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The Relentless Rise of Indices

This article first appeared in IR Magazine (Link)

Companies must adapt their Investor Relations engagement models to match index importance

Although the world’s first Index, the Dow Jones Industrial Average (DJIA), was created in 1896, it was not until 1973 that the first institutional index fund appeared.

Growth of indices remained slow and, while they were of interest to institutions, their appeal remained limited to specialists. But recent years have seen staggering growth in both the number of indices that exist and the volume of capital that tracks them. Exchange-traded funds (ETFs) only appeared in 1989, and the first fixed-income ETF wasn’t sighted until 2002. Yet today, more than $5 tn is invested in ETFs. EY estimates this will rise to $7.6 tn by 2020.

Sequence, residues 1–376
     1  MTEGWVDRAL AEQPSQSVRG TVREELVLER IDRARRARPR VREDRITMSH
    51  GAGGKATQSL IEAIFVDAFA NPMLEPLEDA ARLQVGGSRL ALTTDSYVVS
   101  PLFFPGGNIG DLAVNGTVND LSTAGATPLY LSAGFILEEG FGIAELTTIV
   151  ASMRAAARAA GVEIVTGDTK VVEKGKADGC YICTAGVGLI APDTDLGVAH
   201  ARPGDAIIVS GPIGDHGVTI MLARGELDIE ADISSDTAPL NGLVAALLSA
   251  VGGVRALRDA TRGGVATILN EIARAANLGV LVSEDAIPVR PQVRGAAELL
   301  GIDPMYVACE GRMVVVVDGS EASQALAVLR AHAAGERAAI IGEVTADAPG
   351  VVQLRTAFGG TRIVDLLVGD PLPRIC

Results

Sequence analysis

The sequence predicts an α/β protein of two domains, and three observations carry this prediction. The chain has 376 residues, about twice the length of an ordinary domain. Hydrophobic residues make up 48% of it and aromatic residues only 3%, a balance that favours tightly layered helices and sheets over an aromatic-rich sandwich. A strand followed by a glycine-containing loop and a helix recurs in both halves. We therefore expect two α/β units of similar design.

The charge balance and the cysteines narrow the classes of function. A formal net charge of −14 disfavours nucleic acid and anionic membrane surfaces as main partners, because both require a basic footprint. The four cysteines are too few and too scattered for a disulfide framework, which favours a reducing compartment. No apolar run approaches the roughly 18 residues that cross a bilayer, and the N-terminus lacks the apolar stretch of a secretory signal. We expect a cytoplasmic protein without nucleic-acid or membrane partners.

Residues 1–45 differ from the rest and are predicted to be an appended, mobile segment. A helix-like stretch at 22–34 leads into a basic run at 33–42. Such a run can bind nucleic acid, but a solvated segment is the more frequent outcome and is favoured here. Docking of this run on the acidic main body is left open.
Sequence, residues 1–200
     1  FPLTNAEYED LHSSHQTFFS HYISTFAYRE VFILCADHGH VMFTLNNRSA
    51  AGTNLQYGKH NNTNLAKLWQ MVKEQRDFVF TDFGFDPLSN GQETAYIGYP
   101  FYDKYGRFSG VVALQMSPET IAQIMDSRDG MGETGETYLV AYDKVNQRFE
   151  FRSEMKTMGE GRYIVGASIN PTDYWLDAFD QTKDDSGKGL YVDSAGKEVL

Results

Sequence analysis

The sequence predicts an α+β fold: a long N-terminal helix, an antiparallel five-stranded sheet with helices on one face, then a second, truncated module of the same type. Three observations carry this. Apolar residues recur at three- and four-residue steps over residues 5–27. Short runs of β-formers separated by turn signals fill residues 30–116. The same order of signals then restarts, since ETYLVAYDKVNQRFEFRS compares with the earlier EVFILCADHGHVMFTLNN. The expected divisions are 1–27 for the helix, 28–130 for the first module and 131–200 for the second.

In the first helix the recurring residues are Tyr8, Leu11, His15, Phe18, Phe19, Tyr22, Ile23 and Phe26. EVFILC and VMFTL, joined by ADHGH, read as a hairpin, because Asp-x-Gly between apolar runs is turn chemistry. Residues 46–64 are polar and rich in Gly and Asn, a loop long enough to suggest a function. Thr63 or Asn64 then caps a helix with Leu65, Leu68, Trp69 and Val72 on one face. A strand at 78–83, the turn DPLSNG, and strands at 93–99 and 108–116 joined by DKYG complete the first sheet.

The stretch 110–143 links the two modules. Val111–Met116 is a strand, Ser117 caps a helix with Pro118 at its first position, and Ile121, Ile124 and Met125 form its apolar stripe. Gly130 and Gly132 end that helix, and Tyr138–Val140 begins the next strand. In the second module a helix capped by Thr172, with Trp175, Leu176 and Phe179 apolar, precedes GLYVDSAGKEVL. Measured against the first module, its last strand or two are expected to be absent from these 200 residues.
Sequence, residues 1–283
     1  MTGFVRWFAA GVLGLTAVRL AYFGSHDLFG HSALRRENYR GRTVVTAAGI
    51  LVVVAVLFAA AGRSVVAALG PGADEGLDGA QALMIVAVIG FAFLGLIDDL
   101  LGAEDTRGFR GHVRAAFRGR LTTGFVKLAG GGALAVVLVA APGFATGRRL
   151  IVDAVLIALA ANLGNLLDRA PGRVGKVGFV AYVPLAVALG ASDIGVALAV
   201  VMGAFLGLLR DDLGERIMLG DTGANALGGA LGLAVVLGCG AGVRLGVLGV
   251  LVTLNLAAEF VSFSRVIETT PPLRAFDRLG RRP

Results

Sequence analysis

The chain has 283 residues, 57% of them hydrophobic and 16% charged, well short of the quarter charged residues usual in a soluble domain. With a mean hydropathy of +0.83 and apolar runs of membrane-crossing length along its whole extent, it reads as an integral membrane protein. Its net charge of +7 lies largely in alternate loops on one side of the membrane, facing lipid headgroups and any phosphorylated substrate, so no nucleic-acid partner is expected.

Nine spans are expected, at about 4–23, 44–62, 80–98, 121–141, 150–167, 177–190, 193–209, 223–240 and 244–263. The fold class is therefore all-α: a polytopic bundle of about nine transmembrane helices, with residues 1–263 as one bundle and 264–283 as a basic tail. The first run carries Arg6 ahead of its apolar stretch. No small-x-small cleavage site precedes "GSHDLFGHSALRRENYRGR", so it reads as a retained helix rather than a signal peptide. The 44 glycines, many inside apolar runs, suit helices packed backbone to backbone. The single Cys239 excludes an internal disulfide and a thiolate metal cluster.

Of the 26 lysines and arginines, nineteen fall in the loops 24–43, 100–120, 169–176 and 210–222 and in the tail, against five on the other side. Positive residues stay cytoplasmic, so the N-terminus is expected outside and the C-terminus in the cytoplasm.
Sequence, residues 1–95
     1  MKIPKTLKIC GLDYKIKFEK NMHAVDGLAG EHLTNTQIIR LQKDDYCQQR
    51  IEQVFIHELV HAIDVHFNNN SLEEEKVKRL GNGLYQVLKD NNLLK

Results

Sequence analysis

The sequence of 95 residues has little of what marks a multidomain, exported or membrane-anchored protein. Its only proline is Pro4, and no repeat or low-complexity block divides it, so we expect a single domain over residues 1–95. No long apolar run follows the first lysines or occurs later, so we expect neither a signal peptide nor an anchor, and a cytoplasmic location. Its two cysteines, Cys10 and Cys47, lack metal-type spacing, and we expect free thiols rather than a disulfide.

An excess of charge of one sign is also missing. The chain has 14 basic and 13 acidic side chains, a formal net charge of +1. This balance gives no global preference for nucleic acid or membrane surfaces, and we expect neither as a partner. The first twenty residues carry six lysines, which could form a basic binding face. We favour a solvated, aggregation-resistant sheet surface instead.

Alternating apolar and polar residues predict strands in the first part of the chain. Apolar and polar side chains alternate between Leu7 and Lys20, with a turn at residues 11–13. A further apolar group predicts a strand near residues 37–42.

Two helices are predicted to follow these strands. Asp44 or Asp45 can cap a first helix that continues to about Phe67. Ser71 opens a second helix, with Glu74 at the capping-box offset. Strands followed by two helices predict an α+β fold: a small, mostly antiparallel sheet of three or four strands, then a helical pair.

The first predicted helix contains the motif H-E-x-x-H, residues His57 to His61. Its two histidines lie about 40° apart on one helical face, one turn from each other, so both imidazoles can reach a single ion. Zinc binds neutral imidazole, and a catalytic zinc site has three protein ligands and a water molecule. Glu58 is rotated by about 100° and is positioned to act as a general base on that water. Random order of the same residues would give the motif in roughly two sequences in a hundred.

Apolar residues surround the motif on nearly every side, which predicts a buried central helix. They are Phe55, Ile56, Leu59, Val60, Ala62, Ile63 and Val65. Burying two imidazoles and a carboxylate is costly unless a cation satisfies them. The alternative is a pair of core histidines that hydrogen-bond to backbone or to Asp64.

The Index Industry Association calculates there are 3.7 mn investible indices, and that 438,000 new ones were added in 2018. This tsunami of indices carries a strong message for listed firms and debt issuers, a message they cannot ignore: IR strategies need to accommodate indices in addition to active investors. Indeed, there is an argument for indices to take up a greater share of IR thinking and activity than active investors.

Much media coverage and excitement was generated earlier this year at news that two major Gulf Cooperation Council (GCC) markets will be graduating from frontier to emerging market status. But how much do GCC-listed firms actually understand about indices? What do they know about the rapidly increasing universe of index investing? And are any of them actively managing the interests of index funds?